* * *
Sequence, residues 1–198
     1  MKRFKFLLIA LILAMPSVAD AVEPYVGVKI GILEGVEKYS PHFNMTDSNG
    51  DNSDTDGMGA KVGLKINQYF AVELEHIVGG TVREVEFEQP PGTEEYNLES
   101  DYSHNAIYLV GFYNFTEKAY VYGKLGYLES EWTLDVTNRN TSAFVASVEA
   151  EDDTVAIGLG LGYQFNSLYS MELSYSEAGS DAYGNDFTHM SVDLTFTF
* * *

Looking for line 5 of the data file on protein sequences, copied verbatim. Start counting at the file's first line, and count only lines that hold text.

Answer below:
   151  EDDTVAIGLG LGYQFNSLYS MELSYSEAGS DAYGNDFTHM SVDLTFTF